My biggest disappointment, I think, is the size of the kitchen. This probably doesn’t sound like a manly thing to say, but for the past six years I have been dreaming of having a large kitchen. I think I would have even settled for a reasonably-sized kitchen. The kitchen in our old apartment was miniscule... but they somehow managed to make the kitchen here even tinier. At least it feels tinier, probably because we somehow have to fit a table in there. The apartment manager said that previous tenants managed to fit four-toppers in the space, but I don’t see how. We’ve measured out space for a two-topper, and I can’t imagine trying to squeeze in anything bigger.
On the positive side, though—perhaps to make up for the kitchen—we actually have a verandah! If you’re from the States, this is not what you think it is, but I’m not sure what else to call it. It’s called a verandah here, although I guess if I were pressed to describe it I would call it an enclosed balcony—except it’s not really a balcony because a balcony projects outward from the wall, while these verandahs are built into the building. To go back to the inside/outside space idea above, you wear slippers in them but not shoes, which means they are not exactly inside spaces, but they are also not exactly outside spaces. They are, to use a word I think I might have heard somewhere, liminal spaces. The important point is that our previous apartment lacked such a space. The space here, though, is so large that we are planning on putting a matching four-topper out there to use in warmer weather. There is also a built-in planter in which we intend to plant some herbs and vegetables.
In addition to the tables (which we haven’t bought yet), we have some other new furniture. The place at HUFS was actually fully furnished, but they used the cheapest furniture they could find, so we ended up buying a lot of our own furniture—a bed, a sofa, a refrigerator, etc. We did not, however, have our own TV or range, so we had to order these. After using the tiny TV that the school provided for so long, our new 40” HD TV is... well, it’s frightening, to be honest. I’m not used to being able to actually read text printed on the screen. Of course, we haven’t gotten a console for the TV to sit atop of yet, so it is currently sitting on a tall bookshelf that has been turned sideways and set on the floor.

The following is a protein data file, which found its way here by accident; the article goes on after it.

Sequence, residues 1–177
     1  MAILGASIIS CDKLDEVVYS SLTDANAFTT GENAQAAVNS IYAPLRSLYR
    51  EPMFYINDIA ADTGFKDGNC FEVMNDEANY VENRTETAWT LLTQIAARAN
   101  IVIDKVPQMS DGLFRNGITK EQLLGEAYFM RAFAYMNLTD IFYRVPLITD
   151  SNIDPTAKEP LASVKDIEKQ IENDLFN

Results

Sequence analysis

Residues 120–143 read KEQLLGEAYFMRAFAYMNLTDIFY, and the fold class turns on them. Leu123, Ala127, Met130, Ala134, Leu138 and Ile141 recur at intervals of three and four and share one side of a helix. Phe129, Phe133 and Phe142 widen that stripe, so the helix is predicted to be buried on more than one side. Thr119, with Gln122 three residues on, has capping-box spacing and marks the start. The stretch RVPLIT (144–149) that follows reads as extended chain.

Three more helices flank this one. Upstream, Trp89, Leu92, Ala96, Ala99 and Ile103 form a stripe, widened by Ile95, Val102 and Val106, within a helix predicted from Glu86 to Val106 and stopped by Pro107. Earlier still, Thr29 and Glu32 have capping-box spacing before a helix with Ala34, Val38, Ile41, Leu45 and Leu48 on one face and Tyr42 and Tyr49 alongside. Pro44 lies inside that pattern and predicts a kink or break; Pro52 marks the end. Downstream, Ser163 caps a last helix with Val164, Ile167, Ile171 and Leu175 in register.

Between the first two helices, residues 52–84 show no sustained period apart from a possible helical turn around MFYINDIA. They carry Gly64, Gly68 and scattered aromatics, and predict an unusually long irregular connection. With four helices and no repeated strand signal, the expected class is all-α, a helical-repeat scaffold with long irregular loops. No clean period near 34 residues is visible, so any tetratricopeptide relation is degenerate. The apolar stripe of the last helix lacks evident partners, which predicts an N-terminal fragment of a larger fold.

And I guess that’s about all there is to report for now. Things have been mostly cleaned up and organized at this point—well, aside from the Great Wall of Books—but it will take a while longer before we’re willing to call the job done. And there is the matter of the furniture we have yet to get. I will have photos of the new place at some point, but I figured I would wait until everything was in place and the apartment looked presentable before I did the shoot.
Sometime in the coming week I will probably be writing again, this time about the other side of the transition; in my last entry I said goodbye to HUFS and GSIT, and in my next entry I will talk about what it is like to be (back) at SNU.